Doctor Ramin Najafi is an Iranian-American chemist. Having emigrated from Iran to study in 1978, Ramin Najafi’s future plans were thrown into disarray by the 1979 Iranian Revolution. Under the guidance of Professor John Soderquist at University of San Francisco, he earned a B.S. and M.S. in chemistry, and then received his Ph.D. at University of California at Davis under the tutelage of Prof. Emeritus George Zweifel. He worked at Sigma-Aldrich, Rhone Poulenc, and PerkinElmer before leaving to found Calpac Labs (now CP Lab Safety) and NovaCal Pharmaceuticals (now NovaBay Pharmaceuticals).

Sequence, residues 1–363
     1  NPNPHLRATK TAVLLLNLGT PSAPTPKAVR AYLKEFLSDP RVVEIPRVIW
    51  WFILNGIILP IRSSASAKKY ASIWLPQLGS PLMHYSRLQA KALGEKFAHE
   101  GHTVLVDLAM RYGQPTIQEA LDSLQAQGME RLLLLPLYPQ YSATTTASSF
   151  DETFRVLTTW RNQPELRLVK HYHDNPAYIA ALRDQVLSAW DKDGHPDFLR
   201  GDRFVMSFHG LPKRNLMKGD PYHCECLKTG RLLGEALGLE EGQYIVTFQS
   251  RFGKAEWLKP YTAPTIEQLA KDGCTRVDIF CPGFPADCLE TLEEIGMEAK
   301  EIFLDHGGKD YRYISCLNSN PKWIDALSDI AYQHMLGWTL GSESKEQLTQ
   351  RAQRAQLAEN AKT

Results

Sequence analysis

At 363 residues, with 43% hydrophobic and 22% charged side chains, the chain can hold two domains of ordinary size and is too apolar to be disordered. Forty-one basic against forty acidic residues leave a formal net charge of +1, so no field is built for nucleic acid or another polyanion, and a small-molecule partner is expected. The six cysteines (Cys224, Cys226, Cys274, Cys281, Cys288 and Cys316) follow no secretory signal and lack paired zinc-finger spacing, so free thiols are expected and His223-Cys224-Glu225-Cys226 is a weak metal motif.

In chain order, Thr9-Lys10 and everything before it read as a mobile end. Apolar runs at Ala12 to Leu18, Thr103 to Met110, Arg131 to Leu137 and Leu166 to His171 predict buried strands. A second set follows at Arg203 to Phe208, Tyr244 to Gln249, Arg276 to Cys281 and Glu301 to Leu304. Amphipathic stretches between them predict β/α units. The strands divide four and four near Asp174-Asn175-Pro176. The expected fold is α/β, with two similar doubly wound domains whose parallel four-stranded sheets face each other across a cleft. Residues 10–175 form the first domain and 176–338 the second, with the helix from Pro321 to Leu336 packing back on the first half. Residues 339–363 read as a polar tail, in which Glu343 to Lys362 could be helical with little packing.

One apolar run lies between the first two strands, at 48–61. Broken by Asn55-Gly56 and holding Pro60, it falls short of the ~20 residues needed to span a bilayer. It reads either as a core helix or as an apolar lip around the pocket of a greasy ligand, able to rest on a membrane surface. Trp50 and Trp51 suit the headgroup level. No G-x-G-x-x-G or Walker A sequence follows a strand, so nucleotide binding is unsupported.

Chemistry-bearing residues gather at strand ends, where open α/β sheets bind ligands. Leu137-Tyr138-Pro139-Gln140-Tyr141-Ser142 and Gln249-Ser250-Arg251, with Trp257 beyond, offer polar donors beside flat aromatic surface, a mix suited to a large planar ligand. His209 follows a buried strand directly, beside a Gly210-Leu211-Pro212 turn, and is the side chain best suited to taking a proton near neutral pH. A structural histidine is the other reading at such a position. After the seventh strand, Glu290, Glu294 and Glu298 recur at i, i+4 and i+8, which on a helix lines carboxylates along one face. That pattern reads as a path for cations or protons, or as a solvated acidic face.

Najafi was recognized by PharmaVoice 100 as one of 100 most influential leaders of 2008. He is an inventor on more than 50 patents & pending patent applications, including a class of non-antibiotic, antimicrobial compounds named Aganocides. The lead molecule, Auriclosene has broad spectrum of activity against bacteria (Wang 2011), viruses (Yoon 2011), and fungi (Ghannoum 2013), is chemically stable (Wang 2008), and has extremely low probability of developing resistance (D’Lima 2012). Currently, auriclosene is in four clinical trials for treatment of adenoviral conjunctivitis, bacterial conjunctivitis, impetigo and urinary catheter blockage and encrustation (Gottardi 2013).